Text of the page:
Reading guide for A Monster Calls by Patrick Ness, Siobhan Dowd

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A Monster Calls

Inspired by an idea from Siobhan Dowd

by Patrick Ness, Siobhan Dowd

A Monster Calls by Patrick Ness, Siobhan Dowd X
A Monster Calls by Patrick Ness, Siobhan Dowd
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  • First Published:
    Sep 2011, 224 pages
    Paperback:
    Mar 2013, 224 pages

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Book Reviewed by:
Stacey Brownlie
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Reading Guide Questions Print Excerpt

Please be aware that this discussion guide will contain spoilers!

  1. "You're a good boy," Conor's mother tells him. "I wish you didn't have to be quite so good" (page 17). What does she mean by that? Why does Conor have to be so good?


  2. How does the monster describe itself to Conor? Where does the monster come from? What does it want? Do you think that the monster is real, or is it a product of Conor's imagination? What does Conor think?


  3. Lily was once Conor's closest friend, but now he can't forgive her. Why? Is he right to feel betrayed? How do most people behave around Conor once they learn about his mother's illness? What would you have done in Lily's situation?


  4. "Stories are wild creatures," the monster says. "When you let them loose, who knows what havoc they might wreak?" (page 51). What does the monster mean by this? In what ways does the rest of novel prove the monster's point?


  5. Discuss the role that humor plays in this novel. Where are the best comic moments? Describe the monster's sense of humor. Would you enjoy the monster's company?


  6. "Sometimes people need to lie to themselves most of all," the monster tells Conor (page 62). Is Conor lying to himself about his mother's illness? Is his mother lying to herself? What does each of them need to believe? Why?


  7. Look closely at the illustrations. How do they capture the tone of the novel? How do they express the range of Conor's emotions?


  8. Who is the hero of the monster's first tale? Who is the villain? How does the story keep surprising Conor? What does Conor hope to learn from the story? What does he actually learn?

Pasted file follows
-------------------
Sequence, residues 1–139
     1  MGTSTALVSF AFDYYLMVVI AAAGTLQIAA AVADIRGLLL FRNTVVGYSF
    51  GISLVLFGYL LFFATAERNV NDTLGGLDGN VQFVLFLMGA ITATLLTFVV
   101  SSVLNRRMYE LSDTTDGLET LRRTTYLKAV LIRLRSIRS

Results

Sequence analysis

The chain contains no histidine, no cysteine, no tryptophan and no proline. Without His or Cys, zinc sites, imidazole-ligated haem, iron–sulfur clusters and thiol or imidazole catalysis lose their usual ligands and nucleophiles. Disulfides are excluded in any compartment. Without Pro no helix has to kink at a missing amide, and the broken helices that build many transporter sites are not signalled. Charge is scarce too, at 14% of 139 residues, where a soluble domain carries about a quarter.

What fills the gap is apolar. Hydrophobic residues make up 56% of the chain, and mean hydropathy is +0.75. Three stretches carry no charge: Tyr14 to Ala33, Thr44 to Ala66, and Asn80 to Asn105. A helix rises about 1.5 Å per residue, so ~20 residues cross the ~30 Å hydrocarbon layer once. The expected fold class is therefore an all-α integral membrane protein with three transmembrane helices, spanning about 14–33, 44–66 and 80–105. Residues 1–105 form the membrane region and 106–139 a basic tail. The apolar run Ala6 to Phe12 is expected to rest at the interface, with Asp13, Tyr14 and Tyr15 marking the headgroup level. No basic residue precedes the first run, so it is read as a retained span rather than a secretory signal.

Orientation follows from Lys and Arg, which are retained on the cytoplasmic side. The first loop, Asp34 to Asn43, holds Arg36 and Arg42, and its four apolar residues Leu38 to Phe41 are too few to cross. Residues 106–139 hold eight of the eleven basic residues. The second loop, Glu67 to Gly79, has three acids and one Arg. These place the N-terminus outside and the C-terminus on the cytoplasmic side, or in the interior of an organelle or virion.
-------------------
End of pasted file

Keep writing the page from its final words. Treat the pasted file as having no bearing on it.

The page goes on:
9. Discuss Conor's relationship with his father. What have they shared over the years? Why does Conor want to live with his father now? Why does his father say no?


  10. In the monster's second tale, whose home is destroyed? Why? What does the story inspire Conor to do? Why does he enjoy doing it? How does Conor's grandmother respond to his actions? Why?


  11. Conor's monster appears to him in the form of a giant yew tree. What is the medicinal value of the tree? How effective is it as a treatment for his mother's illness? Why does she want to believe it will help?


  12. Harry, the school bully, looks straight into Conor's eyes and says, "I no longer see you" (page 145). Why is this such a cruel thing to say? How does Conor make himself impossible to miss?


  13. Describe Conor's recurring nightmare. How does it usually end? What changes when the monster demands the truth? What is more painful to Conor than the death of his mother? Why does he need to be honest?


  14. At the very end of the novel, what does Conor say to his mother? Why must he say it? Why must she hear it?


  15. The authors' note explains that Patrick Ness wrote this novel based on an idea from Siobhan Dowd. Why was Patrick Ness initially reluctant to take on the project? What persuaded him to change his mind? Even though it's impossible to know for sure, do you believe Siobhan Dowd would have liked the finished book? Why or why not?


Unless otherwise stated, this discussion guide is reprinted with the permission of Candlewick Press. Any page references refer to a USA edition of the book, usually the trade paperback version, and may vary in other editions.

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Beyond the Book:
  The Short Life of Siobhan Dowd

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